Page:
Whilst those from Germany and Austria have disappeared, the toy industry in England has been
trebled to meet the demand, and French and Japan have sent us large numbers of dolls and
mechanical toys. A new doll, with real hair and a pleasant expression has been made by the
British Red Cross. It is called an "Unconscious Exerciser," its arms being made of spiral
springs, which expand and contract as the child uses them.
From Lord Roberts' Memorial workshops have come
battle toys and war games; and old-established firms, amongst other novelties, are filling snow
men and snowballs with toys and making "lucky pies" from which toys can be abstracted by means
of coloured tapes. The Japanese dolls are miniatures in dress and figure of the men and women of
our Far Eastern ally. English industries have put on the market a series of nursery rhyme dolls,
including Old Mother Hubbard and her dog, little Jack Horner and his pie, and little Miss Muffet
and her spider.
There are Teddy bears dressed as British officers,
Belgian soldiers and French infantrymen, and all the notable men of the war have been reproduced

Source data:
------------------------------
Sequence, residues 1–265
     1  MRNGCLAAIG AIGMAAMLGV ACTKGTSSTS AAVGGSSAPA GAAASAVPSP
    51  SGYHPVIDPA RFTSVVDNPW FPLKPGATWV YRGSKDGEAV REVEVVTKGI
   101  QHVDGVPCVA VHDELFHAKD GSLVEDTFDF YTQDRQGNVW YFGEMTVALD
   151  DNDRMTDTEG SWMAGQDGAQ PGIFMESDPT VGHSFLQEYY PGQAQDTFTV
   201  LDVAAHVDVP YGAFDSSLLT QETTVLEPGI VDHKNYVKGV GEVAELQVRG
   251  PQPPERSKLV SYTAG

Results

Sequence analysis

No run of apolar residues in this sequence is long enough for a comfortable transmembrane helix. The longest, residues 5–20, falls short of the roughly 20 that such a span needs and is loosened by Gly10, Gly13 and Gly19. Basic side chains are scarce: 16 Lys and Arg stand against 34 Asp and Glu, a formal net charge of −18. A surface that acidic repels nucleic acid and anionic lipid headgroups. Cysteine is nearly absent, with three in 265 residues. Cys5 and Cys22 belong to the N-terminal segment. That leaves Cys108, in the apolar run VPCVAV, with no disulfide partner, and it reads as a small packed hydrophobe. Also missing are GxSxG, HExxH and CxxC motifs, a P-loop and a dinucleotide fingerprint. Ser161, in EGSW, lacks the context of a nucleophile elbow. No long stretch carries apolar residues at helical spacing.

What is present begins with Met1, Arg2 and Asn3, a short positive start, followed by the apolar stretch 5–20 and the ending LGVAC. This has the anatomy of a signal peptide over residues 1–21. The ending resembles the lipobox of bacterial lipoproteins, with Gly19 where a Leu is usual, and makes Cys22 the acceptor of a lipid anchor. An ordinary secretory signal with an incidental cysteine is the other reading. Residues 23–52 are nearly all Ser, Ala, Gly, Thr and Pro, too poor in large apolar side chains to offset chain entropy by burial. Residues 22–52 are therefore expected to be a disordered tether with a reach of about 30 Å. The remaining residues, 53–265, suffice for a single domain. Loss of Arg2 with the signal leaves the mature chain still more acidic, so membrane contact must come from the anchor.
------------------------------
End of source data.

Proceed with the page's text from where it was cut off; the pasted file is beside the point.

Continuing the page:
as striking little figures standing 18in. high. Most of the large wooden toys, including
motor-cars with bicycle pedals, have been made in England. From English firms also have come
those large dolls' houses which are so conspicuous a feature of the great toy fair at
Standing eight or nine feet high, children ran
open their doors and enter, go upstairs and find a room for their reception on the first floor.
All the Kindergarten toys puzzles, and bricks and cubes that used to come from Germany are now
made in England. Some of the British-made boxes of wooden blocks contain masts and sails and all
the necessary accessories for building yachts. Others have turrets, guns and flags, with
instructions for building warships and fitting with special keel which enables them to float
upright in water.
One of the new British-made toys is certain to have a
wide popularity with boys. It is the howitzer that fires a bursting shell. By means of a spring
the shell "explodes" harmlessly immediately it strikes the object. There are also boxes of
realistic models of guns, armoured trains and aeroplanes, torpedoes, soldiers in trenches, and
so on, showing how our battles are fought.
All these models fit into one another or stand firmly
by themselves, so that on a dining-room table a child may make with them a fine battle array.
Ireland, for the first time this year, has entered the domain of toys, and has sent across the
Channel boxes of standardised and interchangeable blocks for building wooden houses, churches,
castles, forts and bridges. There is, in fact, no end to the list of toys for Christmas. The
only perceptible change at the big fairs is the absence of some of the cheaper sixpenny and
shilling toys that used to be made in Germany. The English toy costs a little more, and is
infinitely stronger and better.